Transitions at Casa Holmes and Saying Goodbye 7.5.14 / by Emily Holmes

I'm facing the realization that I will be putting my cat Jables down next week, and it's killing me.

Many of you may remember the post I wrote after his initial diagnosis. The vet expected only a few weeks. Jables muscled through that and more. It's been four months since that vet visit and for a while, he was doing OK. We opted for quality of life approach and have been trying to dedicate our time to being loving and present with him while he is here. Sadly, he's not a happy cat anymore. His back paw/leg is entirely lame. He has trouble getting around and has been sequestering in different places. He's still very loving in the times that he chooses to be near us, which makes the decision even more difficult.

No one wants to make the decision too early. I called his vet. I talked to another to get a second opinion about his behaviors. They both agreed that the time was dependent on me, but that he didn't seem to be in a good place. I don't want my little guy to suffer just so I can keep him around longer for me. I'm wracked with guilt and sadness and grief. I've had the misfortune to say goodbye to friends and lovers far before their time, but nothing prepared me for this wave of emotions over a pet.

I suppose if you accept a cat or dog or other animal into your life and heart as part of your family, it makes total sense. This is my friend of over 12 years who has lived with me through nine homes, two coasts, several cross country trips in a car, and many years sleeping at my feet. I remember him at different points in my life crawling up to my face while sleeping and petting my cheeks softly face to face. Both jarring and so intimate, he stared up at me with his big gumball eyes and slowly talked to me with eyes instead of words. Crazy, maybe?!? But I think all animals at our basest level are able to do this, and humans are no different than cats or dogs in that way. He is beautiful and loving, but he was also a son of a bitch at times. Biting me when I didn't get up to feed him on his schedule. Hissing at me when he didn't like my immediate reaction. Fighting with his smaller sister Cage with claws drawn. Yes, it hasn't all been roses, but with the end in sight, I see the complexity of love that we shared. I don't look forward to the week ahead. I am saying my goodbyes...

And while that is a lot in and of itself, my life has become extra full of late. I'm performing live again, in a more deliberate and frequent way. Beyond playing in new rooms, I've found I'm meeting more and more people who I am connecting with through music. Some are new collaborators. Some are audience members who connected to my songs. Some are musicians I've met and written with in the TopTune shows in Los Angeles. I've been lucky to hear some amazing performers. I've been challenged to write at my "game" level both for artistic pursuits and for fun (once again, Top Tune...). In each interaction, I sense that I'm regaining my strengths as a writer and performer that have laid dormant for the last 2 years as I raised my daughter from infancy. It feels good to reclaim my shoes and to grow in ways that are going beyond what I could do before. It's part of this "transition" that I've written about in the past.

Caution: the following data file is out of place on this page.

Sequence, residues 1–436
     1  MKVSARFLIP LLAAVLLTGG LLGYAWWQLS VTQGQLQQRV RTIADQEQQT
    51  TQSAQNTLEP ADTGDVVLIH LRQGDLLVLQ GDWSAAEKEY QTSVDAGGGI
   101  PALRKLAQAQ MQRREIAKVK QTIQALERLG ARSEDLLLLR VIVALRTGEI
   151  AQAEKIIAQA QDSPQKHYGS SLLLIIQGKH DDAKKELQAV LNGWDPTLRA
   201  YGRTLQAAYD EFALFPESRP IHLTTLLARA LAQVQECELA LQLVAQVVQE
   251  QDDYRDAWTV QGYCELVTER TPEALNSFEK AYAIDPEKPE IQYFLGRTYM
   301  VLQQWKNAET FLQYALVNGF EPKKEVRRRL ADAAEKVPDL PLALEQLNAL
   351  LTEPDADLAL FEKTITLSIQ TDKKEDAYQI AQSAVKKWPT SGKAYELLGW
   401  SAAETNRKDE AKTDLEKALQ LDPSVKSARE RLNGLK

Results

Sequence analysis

As far as other transitions are concerned, Riley is growing into her "big girl" self. Beyond stringing sentences together and making past-present-future associations in conversation, she's also tackled the big task of potty training. While every day is an adventure, she's really good with it. We're cheating a bit by having her sleep in Pull Ups instead of going cold turkey on diapers completely, but she has really taken to the "big girl" stuff and seems genuinely happy to be achieving it. We also switched her car seat around so she now sits in the big girl "special seat" position. She starts preschool part time in the fall and that too is a HUGE transition, for both of us. She'll be taking her first steps into having time away from Mama among other kids her age, and I'll be regaining more time to do work or to do nothing at all. It's daunting too. I know I'll be a big blubbering mess once I walk out of the school on her first day, but it's also a step we both must take in the acceptance of growing older. She will get more and more independent from here onward and I want to be a parent who accepts that she's going to take those steps and eventually leave altogether.

Then, my hub Brad has made a huge career transition to real estate. He's become a full-time agent and while that is incredibly exciting, it comes with a burden of the new. He's doing well with clients and the adjustment of a new schedule has made us healthier as a family, but there is the unknowing of how a new business will fare. When you're in business for yourself, it varies all the time. It's a different mindset and it takes a skill set that you figure out over time on how much do you work, when do you rest, how to do you continue to grow and thrive. All very daunting stuff. I know I've stalled out with it more than a few times with music, so I am trying to be as supportive as I can be.

With time comes change. With change comes happiness and sadness. Growth is never easy, but it gives you opportunities to look at yourself and see where you've been and perhaps where you're heading. The middle is the fragile time. I'm in the middle now. Wish me well...